On a recent Tuesday night in Berlin, Ulla Ziemann is watching a well-kempt Scandinavian man drink shots in front of a half-dozen people with laptops. “These people are so well styled and slick,” she complains in German, before the man yells, “This is how we party in Berlin!” and plops down onto a couch. Ziemann, a curly haired TV writer, is sitting in the lounge of the Michelberger Hotel, in the Friedrichshain neighborhood. Outside the window, the Warschauer Brücke is teeming with tourists heading to the city’s main party mile. In the early 2000s, the bridge was surrounded by empty buildings — including the train depot that housed Ostgut, one of the techno clubs that made Berlin nightlife famous — but these derelict spaces have been bulldozed and paved over, a stadium erected, and the area given over to the visiting masses.
Since it opened in 2009, this lounge has become a popular destination among expats and tourists, and, as Ziemann points out, it is superficial, generic, homogenous — the opposite of what Berlin once stood for. “Dear lord, those hideous lamps,” says Ziemann, pointing at an enormous, gaudy ceiling fixture. “It didn’t used to be like this,” she sighs.
After a decade of being known as the coolest city in the world, Berlin is awkwardly shifting into a new phase: It's the center of European power, sure, but also one of the continent’s fastest-growing tourist attractions. Though it's a relatively small city of 3.5 million people, it recently surpassed Rome to become the third-most-visited city in Europe, after London and Paris; according to estimates, Berlin has about three-quarters as many Airbnb listings as New York. The influx has heightened tensions enough that, this fall, local politicians considered imposing a code of conduct on visitors, and, more bizarre, the local tourism association just announced an initiative to shame tourists into behaving themselves by posting strategically placed mimes.
"I feel like the kinds of visitors here are not what they used to be. Each successive wave has become more mainstream, and I'm worried about what's next," says Ziemann, who has lived in the city since the year 2000. "I think a lot of these tourists who are staying here for longer periods — they want to be part of the hype, they want to do the things they think locals do."
Irritating as this may be, this blurring between the local and non-local is likely to continue shaping the future of Berlin – and the future of tourism itself. Johannes Novy, an urbanist at BTU Cottbus-Senftenberg, one of the country's top technical universities, argues that Berlin has become a test case for what some academics and journalists are calling post-tourism. “Many of the tourists we see here don’t fit the conventional image we have of tourists in Rome or Paris,” he says.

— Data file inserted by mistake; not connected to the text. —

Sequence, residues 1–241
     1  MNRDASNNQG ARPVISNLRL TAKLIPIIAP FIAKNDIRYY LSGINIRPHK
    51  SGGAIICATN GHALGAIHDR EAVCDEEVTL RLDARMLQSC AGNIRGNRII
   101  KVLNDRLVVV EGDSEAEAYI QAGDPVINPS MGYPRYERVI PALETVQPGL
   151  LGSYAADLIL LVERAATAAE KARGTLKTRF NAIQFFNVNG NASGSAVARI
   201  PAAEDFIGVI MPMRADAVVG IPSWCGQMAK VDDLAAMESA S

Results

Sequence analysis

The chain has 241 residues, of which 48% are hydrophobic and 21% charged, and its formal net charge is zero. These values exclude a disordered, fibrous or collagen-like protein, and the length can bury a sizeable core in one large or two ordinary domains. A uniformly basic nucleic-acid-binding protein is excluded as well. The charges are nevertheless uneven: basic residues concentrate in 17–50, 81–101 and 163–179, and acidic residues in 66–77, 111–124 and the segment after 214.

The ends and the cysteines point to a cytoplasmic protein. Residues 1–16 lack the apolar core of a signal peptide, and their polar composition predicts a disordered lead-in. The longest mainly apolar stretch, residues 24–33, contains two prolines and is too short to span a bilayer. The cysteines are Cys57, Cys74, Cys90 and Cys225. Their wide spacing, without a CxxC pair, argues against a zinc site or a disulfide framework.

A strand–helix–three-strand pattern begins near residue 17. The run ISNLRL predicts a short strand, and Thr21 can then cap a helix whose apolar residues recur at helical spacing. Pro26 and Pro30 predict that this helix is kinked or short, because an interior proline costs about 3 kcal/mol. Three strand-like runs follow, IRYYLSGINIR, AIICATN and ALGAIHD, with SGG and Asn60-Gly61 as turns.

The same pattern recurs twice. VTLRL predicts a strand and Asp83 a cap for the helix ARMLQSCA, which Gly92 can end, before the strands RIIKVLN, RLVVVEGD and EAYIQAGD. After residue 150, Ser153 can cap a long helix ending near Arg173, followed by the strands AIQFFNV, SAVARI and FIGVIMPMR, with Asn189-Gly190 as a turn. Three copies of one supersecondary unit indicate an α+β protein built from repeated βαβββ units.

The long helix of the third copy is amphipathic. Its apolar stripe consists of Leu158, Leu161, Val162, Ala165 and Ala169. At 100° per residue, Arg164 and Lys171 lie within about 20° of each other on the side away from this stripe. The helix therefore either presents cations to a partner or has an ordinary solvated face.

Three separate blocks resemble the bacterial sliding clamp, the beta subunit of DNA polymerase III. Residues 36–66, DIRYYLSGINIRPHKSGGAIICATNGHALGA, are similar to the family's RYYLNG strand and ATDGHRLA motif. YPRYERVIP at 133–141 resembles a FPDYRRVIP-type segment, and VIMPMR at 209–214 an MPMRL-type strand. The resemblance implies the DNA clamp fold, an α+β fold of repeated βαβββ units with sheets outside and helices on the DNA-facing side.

Novy has reservations about the term, but here's the idea: “Post-tourists” tend to avoid staying in hotels, they aren’t as interested in major tourist attractions, they combine work with travel, they’re looking for unconventional experiences, and they prefer to hang out in residential neighborhoods. Because Berlin is cheap, fun, and accessible, it's attracted an unusually high number of these types of visitors, who can spend months here before moving on.
"When I first came to Berlin, I didn't really like it here, the whole hipster thing," says Rachel Martin-Austin, a 31-year-old freelance graphic designer from New York. "But then I 'got' Germans — they're so thorough." She's eating a knoedel, a German version of a dumpling, at an event called Street Food Thursdays in a Kreuzberg food market. Before the weekly event launched two years ago, the market was known as a place for locals to buy produce. Now, every Thursday, it fills up with vendors selling Brooklyn-style street food to a crowd of largely expats and tourists. Most of the signage is bilingual — above Martin-Austin's head, a poster advertises "beef balls" in English.
For the past three years, Martin-Austin has been spending several months a year in Berlin, working remotely for her design clients in New York and hanging out. Like a growing number of Americans, she works from her laptop and can easily telecommute. "I can just Skype into meetings," Martin-Austin says, "and I use Google Wallet to transfer money." Berlin's cheap enough to begin with, and because she gets paid from New York, where salaries are higher, her money goes a lot further than it would back home. “Being broke in Berlin is more fun because everyone in Berlin is broke,” she says. (It doesn't hurt that the euro's value has dipped dramatically in recent weeks.)
Martin-Austin is subletting an apartment near Weserstrasse, in Neukölln, an area that has recently become ground zero for young Americans spending time in the city. For decades, the area was known for its large Turkish population and comparatively high crime, but thanks to the rise of Airbnb it has filled up with temporary residents. Over the past few years, countless bars with names like Herz and Ã have sprung up, catering to English-speaking visitors. On weekend nights, the streets fill with tourists doing their approximation of the Berlin style — black pants, black shoes, Stevie Knicks hat — and some of the area's restaurants have become notorious for having only English-speaking staff.